Table expressions are named queries. We write an inner query that returns a relational result set, name it, and query it from an outer query.
T-SQL supports four forms of table expressions
- Derived Tables
- Common Table Expressions (CTEs)
- Inline Table-Valued Function
Upper tows are visible only to the statement that defines them and the last twos are database objects; therefore, these are reusable. Just like any other database objects these can be access controlled. Table Expressions are part of relational database, so it follows all rules of set theory, means that all columns returned by the inner query must have unique names. Also, the inner query is not allowed to have an ORDER BY clause as set has no order. But there is an exception of the last rule: If we use TOP or OFFSET-FETCH option in the inner query, the ORDER BY serves a meaning that is not related to presentation ordering; rather, it’s part of the filter’s specification. So if the inner query uses the TOP or OFFSET-FETCH option, it’s allowed to have an ORDER BY clause as well. But then the outer query has no presentation ordering guarantees if it doesn’t have its own ORDER BY clause.
A derived table is a form of table expression which is very close to a subquery—only a subquery that returns an entire table result. Derived tables are inner query in parentheses in the FROM clause of the outer query.
Difference between Derived tables and Subqueries:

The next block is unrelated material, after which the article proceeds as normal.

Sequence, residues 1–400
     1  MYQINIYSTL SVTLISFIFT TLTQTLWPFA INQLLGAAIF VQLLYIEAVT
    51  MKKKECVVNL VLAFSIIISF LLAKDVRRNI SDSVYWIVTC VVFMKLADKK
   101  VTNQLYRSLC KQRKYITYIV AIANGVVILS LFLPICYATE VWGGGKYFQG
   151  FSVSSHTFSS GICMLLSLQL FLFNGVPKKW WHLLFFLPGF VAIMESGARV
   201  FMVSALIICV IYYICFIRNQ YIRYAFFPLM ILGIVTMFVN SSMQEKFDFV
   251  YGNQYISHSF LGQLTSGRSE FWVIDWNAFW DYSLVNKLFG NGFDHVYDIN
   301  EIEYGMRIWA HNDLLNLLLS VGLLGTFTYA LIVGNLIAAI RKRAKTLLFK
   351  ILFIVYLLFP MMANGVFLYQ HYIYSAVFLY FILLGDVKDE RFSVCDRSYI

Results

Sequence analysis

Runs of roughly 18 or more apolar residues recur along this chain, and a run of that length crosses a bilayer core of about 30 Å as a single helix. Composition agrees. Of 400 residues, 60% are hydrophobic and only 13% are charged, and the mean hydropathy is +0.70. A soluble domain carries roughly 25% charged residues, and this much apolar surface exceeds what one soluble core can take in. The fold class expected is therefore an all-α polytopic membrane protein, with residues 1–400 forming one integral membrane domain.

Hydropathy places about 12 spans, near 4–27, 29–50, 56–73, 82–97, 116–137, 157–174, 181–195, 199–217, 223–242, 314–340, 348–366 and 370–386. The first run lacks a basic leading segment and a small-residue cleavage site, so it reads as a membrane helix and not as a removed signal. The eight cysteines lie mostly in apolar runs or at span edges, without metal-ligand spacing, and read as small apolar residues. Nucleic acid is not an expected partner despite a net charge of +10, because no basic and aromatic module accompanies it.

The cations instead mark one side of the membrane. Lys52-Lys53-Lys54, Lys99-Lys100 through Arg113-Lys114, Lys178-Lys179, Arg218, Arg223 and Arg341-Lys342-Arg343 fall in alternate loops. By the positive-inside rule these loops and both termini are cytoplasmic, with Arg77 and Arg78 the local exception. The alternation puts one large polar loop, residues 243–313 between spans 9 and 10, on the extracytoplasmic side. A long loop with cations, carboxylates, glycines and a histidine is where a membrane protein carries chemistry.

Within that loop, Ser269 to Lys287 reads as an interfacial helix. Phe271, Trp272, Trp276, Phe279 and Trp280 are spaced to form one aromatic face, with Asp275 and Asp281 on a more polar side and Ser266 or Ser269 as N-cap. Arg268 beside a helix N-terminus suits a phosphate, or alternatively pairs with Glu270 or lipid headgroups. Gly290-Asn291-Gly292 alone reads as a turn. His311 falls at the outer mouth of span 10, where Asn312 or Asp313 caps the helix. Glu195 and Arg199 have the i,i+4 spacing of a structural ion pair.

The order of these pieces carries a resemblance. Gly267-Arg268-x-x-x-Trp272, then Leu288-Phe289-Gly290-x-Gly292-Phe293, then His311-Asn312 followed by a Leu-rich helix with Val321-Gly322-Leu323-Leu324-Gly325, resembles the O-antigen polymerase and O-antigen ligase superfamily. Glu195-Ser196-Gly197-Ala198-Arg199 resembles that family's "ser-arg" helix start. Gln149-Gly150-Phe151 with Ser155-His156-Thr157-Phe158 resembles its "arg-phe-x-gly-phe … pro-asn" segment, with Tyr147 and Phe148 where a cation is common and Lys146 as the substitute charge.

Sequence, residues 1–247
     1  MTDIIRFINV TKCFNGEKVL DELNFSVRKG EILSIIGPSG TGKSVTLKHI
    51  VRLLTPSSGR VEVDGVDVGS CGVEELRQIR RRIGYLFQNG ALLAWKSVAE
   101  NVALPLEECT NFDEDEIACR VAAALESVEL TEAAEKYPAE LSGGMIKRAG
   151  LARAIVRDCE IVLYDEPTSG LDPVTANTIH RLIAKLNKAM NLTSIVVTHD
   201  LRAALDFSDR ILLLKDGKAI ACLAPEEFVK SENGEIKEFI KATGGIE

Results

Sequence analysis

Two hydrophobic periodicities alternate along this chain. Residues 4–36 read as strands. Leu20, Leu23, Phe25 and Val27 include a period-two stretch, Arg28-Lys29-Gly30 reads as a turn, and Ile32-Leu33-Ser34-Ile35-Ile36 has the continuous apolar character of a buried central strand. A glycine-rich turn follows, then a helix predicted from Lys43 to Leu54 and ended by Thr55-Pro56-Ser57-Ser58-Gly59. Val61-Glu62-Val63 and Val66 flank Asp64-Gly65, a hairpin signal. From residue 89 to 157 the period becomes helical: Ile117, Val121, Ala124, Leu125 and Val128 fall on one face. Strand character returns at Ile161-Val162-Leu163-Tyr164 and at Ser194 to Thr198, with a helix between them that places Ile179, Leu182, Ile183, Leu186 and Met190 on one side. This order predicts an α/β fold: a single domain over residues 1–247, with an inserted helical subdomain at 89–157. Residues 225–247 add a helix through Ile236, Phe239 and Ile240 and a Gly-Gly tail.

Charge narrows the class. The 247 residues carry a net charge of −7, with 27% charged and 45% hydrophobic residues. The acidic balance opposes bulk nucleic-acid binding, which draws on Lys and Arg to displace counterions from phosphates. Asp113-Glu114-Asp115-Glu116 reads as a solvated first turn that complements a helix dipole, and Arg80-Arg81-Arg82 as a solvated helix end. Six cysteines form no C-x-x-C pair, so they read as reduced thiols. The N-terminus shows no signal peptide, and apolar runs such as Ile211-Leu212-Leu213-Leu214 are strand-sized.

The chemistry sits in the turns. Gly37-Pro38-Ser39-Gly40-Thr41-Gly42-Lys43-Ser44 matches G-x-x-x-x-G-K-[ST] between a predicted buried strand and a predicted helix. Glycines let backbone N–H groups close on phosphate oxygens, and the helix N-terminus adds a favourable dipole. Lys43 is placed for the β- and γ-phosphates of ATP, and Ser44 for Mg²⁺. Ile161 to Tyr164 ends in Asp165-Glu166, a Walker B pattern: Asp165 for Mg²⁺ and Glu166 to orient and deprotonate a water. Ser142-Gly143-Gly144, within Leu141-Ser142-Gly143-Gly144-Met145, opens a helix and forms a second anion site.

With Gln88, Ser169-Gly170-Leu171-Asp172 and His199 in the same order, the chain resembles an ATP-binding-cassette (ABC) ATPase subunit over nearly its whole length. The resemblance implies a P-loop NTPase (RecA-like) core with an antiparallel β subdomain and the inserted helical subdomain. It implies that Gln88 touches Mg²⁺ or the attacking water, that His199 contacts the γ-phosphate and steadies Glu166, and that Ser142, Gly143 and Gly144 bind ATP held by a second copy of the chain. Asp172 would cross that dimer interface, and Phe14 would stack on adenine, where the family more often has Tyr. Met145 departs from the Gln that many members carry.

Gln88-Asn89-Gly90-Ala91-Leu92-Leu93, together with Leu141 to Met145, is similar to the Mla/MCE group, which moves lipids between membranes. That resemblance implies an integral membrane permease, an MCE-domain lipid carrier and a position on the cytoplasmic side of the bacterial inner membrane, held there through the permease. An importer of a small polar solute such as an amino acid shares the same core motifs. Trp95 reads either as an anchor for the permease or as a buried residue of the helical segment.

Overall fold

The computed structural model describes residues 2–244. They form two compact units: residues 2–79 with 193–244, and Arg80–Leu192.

– Derived Tables are used in the FROM clause
– Subqueries are used in the WHERE clause, but can also be used to select from one table and insert into another table).
Common Table Expression
CTE is a named table expression that is visible only to the statement that defines it. A common table expression (CTE) is similar to derived table. A query against a CTE involves three main parts:
The inner query
- The name you assign to the query and its columns
- The outer query
Unlike derive table the arrangement is quite different. With CTEs, you first name the CTE, then specify the inner query, and then the outer query—a much more modular approach.
Views and Inline Table-Valued Functions
Both views and Inline Table-Valued Functions are database objects. Both has existence after the query execution. Views are commonly used for data security restriction while Table-Valued Functions are users for returning tables. But the main differences between these two are,
- Table-Valued Function one can be parametrized but not indexed
- Views can be indexed but not parametrized
Table-Valued Functions Example: